How Can I Help My Dog With Stress & Anxiety?

How Can I Help My Dog With Stress & Anxiety?


It’s natural for dogs to experience occasional stress, but prolonged periods of it can lead to behavioural issues such as anxiety. Identifying and addressing stress in your dog is crucial for their well-being and can prevent future problems.

Stress in dogs can stem from various sources, including loud noises like fireworks, unfamiliar environments, and changes in routine. Recognising the signs of stress is the first step toward helping your dog feel more at ease.

Spotting the Signs of Stress

Understanding your dog's behaviour can help you identify signs of stress, both subtle and obvious. Subtle signs may include frequent yawning (outside of tiredness), panting with a curled tongue tip, pacing, lip licking, pinned-back ears, dilated pupils, and whites of the eyes showing (known as "whale eye"). Obvious signs can include loss of appetite, avoidance behaviour, tail tucking, cowering, diarrhoea, trembling, or shivering.

If you notice these signs, it's essential to consider potential health issues and consult with a veterinarian if needed.

Causes of Stress in Dogs

Dogs can experience stress due to boredom, frustration, fear, or anxiety. Additionally, they can pick up on the stress of their human family members which can be quite impactful.

Changes in routine, such as reduced exercise, new family people or exposure to new environments  can also contribute to stress. Recognising these factors can help you provide the support your dog needs to adapt.

Defensive Behaviours

When feeling threatened or anxious, dogs may exhibit defensive behaviours such as stiffening, staring, growling, showing teeth, snapping, or biting. Recognising early signs of stress is crucial in preventing these behaviours from escalating.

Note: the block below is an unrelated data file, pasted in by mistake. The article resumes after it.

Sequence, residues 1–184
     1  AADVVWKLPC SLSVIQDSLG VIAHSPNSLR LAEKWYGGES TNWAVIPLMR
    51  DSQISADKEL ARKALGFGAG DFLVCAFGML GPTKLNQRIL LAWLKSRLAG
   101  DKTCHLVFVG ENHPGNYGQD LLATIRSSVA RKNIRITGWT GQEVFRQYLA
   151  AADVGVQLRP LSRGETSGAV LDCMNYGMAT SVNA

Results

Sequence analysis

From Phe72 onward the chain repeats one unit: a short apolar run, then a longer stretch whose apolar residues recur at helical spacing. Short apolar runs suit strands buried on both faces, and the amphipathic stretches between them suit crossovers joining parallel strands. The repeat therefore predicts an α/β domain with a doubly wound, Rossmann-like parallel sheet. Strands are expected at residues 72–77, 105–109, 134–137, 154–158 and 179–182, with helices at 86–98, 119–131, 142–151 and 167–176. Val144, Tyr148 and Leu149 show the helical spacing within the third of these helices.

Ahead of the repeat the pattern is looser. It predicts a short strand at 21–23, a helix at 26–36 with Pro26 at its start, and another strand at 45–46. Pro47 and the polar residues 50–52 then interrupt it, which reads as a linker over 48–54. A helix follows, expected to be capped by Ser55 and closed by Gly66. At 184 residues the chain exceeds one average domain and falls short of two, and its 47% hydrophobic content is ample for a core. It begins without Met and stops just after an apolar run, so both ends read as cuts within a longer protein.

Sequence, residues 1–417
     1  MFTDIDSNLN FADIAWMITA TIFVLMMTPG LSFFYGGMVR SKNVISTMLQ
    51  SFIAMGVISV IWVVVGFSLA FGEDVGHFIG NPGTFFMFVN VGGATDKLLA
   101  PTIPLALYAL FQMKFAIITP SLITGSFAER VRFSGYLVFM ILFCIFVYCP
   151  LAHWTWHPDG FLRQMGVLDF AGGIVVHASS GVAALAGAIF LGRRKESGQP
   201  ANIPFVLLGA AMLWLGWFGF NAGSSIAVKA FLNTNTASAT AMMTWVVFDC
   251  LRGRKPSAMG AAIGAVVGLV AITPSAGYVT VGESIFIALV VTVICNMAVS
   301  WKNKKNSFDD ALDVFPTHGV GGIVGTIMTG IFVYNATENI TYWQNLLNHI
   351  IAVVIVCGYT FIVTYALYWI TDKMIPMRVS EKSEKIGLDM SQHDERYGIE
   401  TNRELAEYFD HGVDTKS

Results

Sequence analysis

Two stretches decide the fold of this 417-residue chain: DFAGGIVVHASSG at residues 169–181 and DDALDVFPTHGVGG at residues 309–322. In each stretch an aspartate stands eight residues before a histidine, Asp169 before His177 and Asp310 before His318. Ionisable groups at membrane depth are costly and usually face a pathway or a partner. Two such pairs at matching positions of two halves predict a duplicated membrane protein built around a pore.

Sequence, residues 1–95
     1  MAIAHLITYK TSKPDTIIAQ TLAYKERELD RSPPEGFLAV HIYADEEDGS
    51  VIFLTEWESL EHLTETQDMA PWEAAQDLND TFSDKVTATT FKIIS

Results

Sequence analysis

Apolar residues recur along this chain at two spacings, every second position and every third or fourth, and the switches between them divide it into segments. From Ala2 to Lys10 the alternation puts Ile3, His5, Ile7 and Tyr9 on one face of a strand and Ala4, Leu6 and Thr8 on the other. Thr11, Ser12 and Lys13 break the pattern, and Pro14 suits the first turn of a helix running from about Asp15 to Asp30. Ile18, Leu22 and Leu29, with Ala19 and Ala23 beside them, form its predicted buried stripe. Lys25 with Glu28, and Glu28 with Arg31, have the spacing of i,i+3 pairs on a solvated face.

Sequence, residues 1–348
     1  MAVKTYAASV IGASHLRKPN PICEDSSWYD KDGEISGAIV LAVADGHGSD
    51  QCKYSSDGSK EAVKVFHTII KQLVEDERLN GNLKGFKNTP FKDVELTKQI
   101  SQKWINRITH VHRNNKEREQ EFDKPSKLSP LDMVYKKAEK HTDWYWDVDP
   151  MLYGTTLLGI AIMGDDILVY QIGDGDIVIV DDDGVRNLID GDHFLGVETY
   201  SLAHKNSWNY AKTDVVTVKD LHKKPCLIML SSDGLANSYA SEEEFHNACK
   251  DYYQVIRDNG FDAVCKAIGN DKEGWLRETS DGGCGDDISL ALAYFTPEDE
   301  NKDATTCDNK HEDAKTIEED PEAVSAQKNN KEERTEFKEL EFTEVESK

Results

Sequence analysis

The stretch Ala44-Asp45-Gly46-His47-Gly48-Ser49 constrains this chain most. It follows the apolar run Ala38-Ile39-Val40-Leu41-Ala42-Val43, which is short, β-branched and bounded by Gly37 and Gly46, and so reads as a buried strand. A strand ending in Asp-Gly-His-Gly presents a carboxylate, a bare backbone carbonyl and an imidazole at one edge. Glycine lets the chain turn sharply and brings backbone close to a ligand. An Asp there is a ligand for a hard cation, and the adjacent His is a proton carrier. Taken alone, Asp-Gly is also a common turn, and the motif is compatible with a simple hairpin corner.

Calming Strategies

Once you've identified stress in your dog, there are several steps you can take to help them feel calmer:

  • Give Them Space: Create a quiet, comfortable area where your dog can retreat to when feeling stressed, away from noise and disturbances. Starting your dog with crate training at an early age can be very beneficial in giving your dog a safe space to take themselves. 
  • Regular Exercise: Maintain a consistent exercise routine to help your dog release pent-up energy and reduce stress.
  • Remain Calm: Dogs are sensitive to their owners' emotions, so staying calm and composed can help reassure them.
  • Provide Mental Stimulation: Engage your dog with interactive toys and games to keep their mind occupied and alleviate stress.
  • Avoid Punishment: Punishing a stressed dog can worsen their anxiety and lead to more severe behaviours. Instead, focus on positive reinforcement and redirection.

Seeking Professional Help

It’s normal for your dog to feel stressed from time to time. But too much stress can lead to longer term problems with your dog’s behaviour, like anxiety.  

If your dog's stress leads to aggression or other problematic behaviours, consult with a veterinarian and consider seeking guidance from a professional animal behaviourist. They can help identify the underlying causes of stress and provide personalised strategies for management.

Adjusting to Changes

As lockdown restrictions ease and routines change, it's important to help your dog adapt gradually. Whether it's reintroducing them to public spaces or addressing separation anxiety, patience and consistency are key.

Understanding and addressing stress in dogs is vital for their well-being and the harmony of your household. By recognising the signs, identifying triggers, and implementing calming strategies, you can help your furry companion lead a happier, more relaxed life.

Remember, with patience and care, you can help your dog navigate life's challenges with confidence and resilience.

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